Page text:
South African businesses and households are cutting their dependence on Eskom for reliable electricity through solar PV and battery storage.
Farming is a sector where power independence is particularly important, and a solar revolution is afoot here.
Theo de Jager, executive director at Southern African Agri Initiative (SAAI) and founder of Son SA, said many farms have facilities which cannot function without reliable electricity.
He said the electricity crisis brought many farmers to their knees and threatened the viability of their businesses.
They discussed the problems with Eskom and the relevant ministers but soon realised that the situation would not improve.
In response, farming and business organisations joined forces to ensure farmers and businesses could function without Eskom power.
De Jager and others realised that solar power was the only solution because diesel generators are too costly to run with extended load-shedding.
They founded Son SA to help farmers and businesses use solar PV and battery backup to become energy independent.
It included partnerships with banks and other financial institutions to make financing available for solar installations.
They also vet service providers to weed out fly-by-night operators to assist farmers in avoiding being fleeced by bad actors.
The results have been encouraging, with many farms and businesses, including mega-farms, going completely off-grid.
He said that just like the South African Post Office, which became irrelevant to most South Africans who no longer require its services, Eskom is also slowly dying.
“It struck me that Eskom is going the same route as the SA Post Office where people are finding alternatives and stop using their service,” he said.
“South Africans are so tired of Eskom’s unreliable service that many have already made a plan which limits their reliance on Eskom.”
He added that those who have not made a plan yet are working to produce their own power and kiss Eskom goodbye.
“It is expensive to invest in a solar PV and battery backup system, but it is even more expensive not to do it and rely on Eskom.”
“We all have a responsibility to become independent of Eskom as there is no concrete plan for fixing the power utility.”
Eskom dying a slow death
De Jager prediction that we will wake up one day and realise that if Eskom fails, it is not that bad, echoes the views of renowned economist Dawie Roodt.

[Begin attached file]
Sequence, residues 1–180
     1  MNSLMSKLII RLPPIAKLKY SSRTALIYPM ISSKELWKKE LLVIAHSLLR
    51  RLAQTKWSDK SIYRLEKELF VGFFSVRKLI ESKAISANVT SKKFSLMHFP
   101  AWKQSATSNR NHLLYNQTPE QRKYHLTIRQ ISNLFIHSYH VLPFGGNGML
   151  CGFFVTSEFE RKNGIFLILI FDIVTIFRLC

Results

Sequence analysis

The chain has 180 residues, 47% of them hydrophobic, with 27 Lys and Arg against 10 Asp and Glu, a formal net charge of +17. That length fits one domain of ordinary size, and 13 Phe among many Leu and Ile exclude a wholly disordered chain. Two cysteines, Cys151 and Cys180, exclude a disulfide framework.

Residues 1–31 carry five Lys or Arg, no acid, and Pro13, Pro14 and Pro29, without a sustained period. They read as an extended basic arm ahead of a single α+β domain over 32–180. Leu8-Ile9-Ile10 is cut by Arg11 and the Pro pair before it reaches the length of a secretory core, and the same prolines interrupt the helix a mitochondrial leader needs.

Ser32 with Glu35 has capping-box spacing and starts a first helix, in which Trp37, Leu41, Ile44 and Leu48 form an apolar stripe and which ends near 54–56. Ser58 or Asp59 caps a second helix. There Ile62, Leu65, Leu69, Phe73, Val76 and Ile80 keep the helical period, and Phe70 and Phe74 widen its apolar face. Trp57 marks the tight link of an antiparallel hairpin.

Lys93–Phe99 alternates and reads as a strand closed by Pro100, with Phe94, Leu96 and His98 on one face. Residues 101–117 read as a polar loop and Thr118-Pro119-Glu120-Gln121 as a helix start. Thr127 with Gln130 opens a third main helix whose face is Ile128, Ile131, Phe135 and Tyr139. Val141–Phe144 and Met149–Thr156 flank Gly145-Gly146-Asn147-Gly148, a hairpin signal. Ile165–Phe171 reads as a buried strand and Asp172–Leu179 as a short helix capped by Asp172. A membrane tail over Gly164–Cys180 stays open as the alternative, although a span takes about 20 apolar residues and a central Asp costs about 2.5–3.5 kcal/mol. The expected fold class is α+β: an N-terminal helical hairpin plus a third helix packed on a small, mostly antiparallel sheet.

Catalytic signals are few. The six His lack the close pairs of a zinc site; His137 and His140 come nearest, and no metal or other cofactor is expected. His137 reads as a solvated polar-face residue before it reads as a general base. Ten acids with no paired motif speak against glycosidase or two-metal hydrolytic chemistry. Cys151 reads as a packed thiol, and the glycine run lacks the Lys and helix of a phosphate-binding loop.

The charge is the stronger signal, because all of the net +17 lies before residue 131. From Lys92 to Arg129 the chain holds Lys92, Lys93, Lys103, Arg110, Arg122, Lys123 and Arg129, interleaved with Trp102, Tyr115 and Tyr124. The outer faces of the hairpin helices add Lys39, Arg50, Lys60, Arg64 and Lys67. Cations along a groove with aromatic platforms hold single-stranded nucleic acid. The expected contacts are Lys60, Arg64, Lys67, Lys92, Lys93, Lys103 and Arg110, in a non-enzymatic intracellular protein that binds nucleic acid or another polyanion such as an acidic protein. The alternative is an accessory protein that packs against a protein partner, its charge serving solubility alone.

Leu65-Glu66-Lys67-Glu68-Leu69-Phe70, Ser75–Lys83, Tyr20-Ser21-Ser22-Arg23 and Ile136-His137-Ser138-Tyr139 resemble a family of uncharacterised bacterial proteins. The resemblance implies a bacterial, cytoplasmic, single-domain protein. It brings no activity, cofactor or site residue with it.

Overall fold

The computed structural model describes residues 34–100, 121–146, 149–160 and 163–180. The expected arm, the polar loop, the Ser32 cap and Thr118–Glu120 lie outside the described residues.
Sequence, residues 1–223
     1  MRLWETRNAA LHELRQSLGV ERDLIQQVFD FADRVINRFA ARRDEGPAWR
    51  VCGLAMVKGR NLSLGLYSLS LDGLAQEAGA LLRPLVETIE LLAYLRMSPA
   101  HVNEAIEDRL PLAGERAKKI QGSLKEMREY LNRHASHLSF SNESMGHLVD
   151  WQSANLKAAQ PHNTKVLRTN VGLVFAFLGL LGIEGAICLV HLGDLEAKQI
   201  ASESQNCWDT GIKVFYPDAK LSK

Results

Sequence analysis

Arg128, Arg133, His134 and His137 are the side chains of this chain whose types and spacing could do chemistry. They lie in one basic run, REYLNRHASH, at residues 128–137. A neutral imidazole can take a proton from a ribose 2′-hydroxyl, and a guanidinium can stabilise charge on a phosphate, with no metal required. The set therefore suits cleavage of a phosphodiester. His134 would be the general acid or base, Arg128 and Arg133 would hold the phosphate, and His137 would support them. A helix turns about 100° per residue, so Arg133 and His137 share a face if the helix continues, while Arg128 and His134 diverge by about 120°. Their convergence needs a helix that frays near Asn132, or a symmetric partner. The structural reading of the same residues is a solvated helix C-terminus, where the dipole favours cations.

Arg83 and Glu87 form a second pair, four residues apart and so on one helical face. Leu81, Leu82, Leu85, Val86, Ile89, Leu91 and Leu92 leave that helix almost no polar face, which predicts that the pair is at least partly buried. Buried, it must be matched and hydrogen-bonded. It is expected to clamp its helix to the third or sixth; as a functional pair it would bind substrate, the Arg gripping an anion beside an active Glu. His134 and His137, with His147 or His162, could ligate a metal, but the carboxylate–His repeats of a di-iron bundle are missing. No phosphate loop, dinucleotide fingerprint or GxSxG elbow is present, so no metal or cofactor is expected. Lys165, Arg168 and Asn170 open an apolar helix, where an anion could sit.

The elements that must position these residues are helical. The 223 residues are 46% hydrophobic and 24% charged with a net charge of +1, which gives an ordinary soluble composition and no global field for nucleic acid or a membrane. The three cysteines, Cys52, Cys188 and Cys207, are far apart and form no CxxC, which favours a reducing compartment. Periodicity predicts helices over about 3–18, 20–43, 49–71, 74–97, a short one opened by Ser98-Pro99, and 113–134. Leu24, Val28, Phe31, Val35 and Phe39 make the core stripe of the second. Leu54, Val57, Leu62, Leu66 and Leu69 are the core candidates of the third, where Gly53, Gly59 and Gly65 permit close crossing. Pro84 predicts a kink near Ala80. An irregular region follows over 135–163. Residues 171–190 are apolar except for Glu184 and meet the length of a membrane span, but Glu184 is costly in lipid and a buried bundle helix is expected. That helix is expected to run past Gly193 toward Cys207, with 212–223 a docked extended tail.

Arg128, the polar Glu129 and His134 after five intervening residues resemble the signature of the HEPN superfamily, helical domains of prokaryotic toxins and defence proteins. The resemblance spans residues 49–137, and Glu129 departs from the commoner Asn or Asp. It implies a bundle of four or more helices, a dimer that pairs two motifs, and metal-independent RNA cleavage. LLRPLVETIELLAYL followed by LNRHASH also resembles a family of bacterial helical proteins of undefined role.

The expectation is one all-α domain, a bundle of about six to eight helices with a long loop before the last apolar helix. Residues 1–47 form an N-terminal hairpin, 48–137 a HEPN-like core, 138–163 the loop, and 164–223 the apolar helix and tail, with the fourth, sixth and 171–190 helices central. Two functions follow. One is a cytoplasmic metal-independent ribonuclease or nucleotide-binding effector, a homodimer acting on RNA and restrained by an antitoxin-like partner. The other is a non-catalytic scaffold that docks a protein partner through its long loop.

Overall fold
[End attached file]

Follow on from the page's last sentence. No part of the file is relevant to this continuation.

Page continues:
Roodt said Eskom’s generation and distribution divisions are slowly dying, similar to South African Airways and the South African Post Office.
“Only the transmission part will remain, and the rest of Eskom will just slowly die and come to an end,” he said.
Roodt previously explained that Eskom is completely bankrupt. “It has been operationally and financially run into the ground. It does not work anymore,” he said.
Eskom currently owes around R420 billion. The Finance Minister announced that the state will take over between R150 billion and R160 billion of this debt.
The reason for the government taking over Eskom’s debt is because it cannot survive financially.
He explained that around 40,000 people work at Eskom with an average salary of R70,000 per month.
“Last year, Eskom employees received a 7% increase. It is irresponsible. These workers are already overpaid,” he said.
Eskom’s collapse also means it cannot provide enough electricity to keep the lights on, hampering economic growth.
Take responsibility for your own electricity future
As far back as 2019, energy analyst Chris Yelland said South African consumers and businesses must take control of their own energy future as they cannot rely on the government and Eskom.
In January 2020, Yelland accurately warned that things would have to get a lot worse before the bureaucrats realised they had a problem.
He said that the trouble is that the ministers concerned with energy seemed to be living in a different world.
“There is a cognitive dissonance between their world and the reality of a failing Eskom. They still talk about Medupi and Kusile as magnificent plants,” Yelland said at the time.
The reality was that these two mega-projects brought Eskom to its knees, and they are part of the problem, not the solution.
Yelland said the solution to South Africa’s electricity crisis would not come from the government, as it cannot deliver projects that can provide new electricity timeously.
“That kind of electricity capacity has to come from the electricity customers, taking responsibility for their own energy future,” said Yelland.
“South African businesses and households have to take control of their own energy future.”